David continues “ The creation in the 1970s of the new 9th green and 11th tees unfortunately meant the loss of the original magnificent Colt 10th green complex, which stood neglected and overgrown in the carry area in front of the 11th tees, a reminder of the excellence of the original 1928 green complex, especially in contrast with the blandness of its difficult uphill 1970s replacement.
When the opportunity arose, as part of our 2015 programme on holes 9, 10 and 11, we determined to re-create that great Colt green complex, and fortunately discovered an area of similar original contours on which it could be created less than 100 metres away from the original. We surveyed the Colt original and re-created it as part of that year’s renovation programme.”
Another par 3 hole which originally caused concern amongst the members about its re-design and re-building was the 154 metre long 7th hole, generally regarded as the “signature hole” of the layout, with many members asking why anything needed to be done to what to many was their favourite hole. To convince the doubters, DWGD produced ‘before’ and computer generated ‘after’ photographs, highlighting the many issues with the existing hole – including unsightly paths, unseen bunkers, overhanging trees, a very sloping green and a number of other problems. On reconstruction of the hole in 2018, members were very soon convinced of the benefits of the re-design!
Renovation work slowed down but continued during the pandemic, with the club taking the decision to concentrate on those few holes which only required bunker renovation, with DWGD providing detailed plans and remote supervision, given the impossibility of overseas travel.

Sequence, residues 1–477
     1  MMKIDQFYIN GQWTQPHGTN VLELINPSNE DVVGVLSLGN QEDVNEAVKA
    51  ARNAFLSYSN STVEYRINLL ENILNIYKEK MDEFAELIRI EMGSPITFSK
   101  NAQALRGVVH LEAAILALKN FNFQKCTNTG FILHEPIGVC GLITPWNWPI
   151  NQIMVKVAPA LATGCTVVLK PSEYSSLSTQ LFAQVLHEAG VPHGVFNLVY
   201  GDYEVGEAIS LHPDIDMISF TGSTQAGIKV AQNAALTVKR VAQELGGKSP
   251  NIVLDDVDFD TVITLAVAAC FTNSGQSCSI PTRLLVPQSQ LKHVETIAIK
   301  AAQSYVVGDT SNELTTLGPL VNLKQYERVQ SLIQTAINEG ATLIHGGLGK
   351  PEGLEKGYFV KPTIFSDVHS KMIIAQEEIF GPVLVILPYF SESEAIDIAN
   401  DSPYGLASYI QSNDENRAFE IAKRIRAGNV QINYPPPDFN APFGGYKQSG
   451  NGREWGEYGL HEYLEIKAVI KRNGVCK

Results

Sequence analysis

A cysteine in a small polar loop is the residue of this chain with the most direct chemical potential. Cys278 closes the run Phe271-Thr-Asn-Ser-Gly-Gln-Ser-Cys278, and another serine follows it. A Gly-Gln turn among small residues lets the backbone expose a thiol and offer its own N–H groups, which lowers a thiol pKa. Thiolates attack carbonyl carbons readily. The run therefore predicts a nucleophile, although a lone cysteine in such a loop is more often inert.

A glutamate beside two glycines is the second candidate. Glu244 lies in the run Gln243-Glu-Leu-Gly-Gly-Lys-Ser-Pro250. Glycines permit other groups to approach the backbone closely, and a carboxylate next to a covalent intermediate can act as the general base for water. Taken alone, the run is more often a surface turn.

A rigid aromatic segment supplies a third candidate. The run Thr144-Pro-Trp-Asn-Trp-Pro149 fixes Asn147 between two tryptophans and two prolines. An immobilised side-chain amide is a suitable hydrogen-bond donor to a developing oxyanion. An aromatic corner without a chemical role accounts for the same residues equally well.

However, with the resumption of international travel, this recent autumn and winter’s work has seen the total renovation of the long par 3 second hole and the difficult long par 4 fourth hole, rated no 1 in difficulty in the Stroke Index, the final two holes requiring major transformation in the masterplan.
David describes the work undertaken “On the second hole, not only have we renovated all the existing bunkers but have also re-opened two original Colt approach bunkers, who had been grassed over in recent years. It is now a very dramatic, but equally difficult, slightly downhill long par 3 and very picturesque.
On the fourth hole, we have created additional teeing area and re-opened an abandoned Colt fairway bunker, as well as dramatically changing the green contours to create far more pin-able area than previously existed. The dramatic greenside bunker complex has also been re-created.”
This year’s construction work on the 2nd and 4th holes was undertaken by Spanish contractors CugarGolf, following in the footsteps of previous contractors JeriGolf, Garden & Golf and European Golf Services who worked on earlier phases of the project.
When Colt designed the course in the 1920s, the site was wide open with very few trees. In the intervening 90 or so years, the vast majority of holes have become tree-lined, creating interesting golf challenges, but often blocking up the open views across the Bay of Santander that had previously existed.
In parallel with the construction work, removal of many trees has been undertaken, opening up the course, but equally importantly, opening up the dramatic views of the sea and mountains which surround the course.
Although the implementation of the 2010 masterplan is generally completed, Williams still anticipates further work at the club in future years. He states “During our twelve year involvement, we have added proposals over and above those in our original masterplan, and many of these are still to be implemented.
And there are still improvements to be made to the 9 hole Seve-designed course! We have undertaken work on it already – often in the fallow winters when we were not working on the Championship Course – including building two completely new par 3 holes, required when a major reservoir was built over two holes on the course to provide water storage capacity for the complete venue.”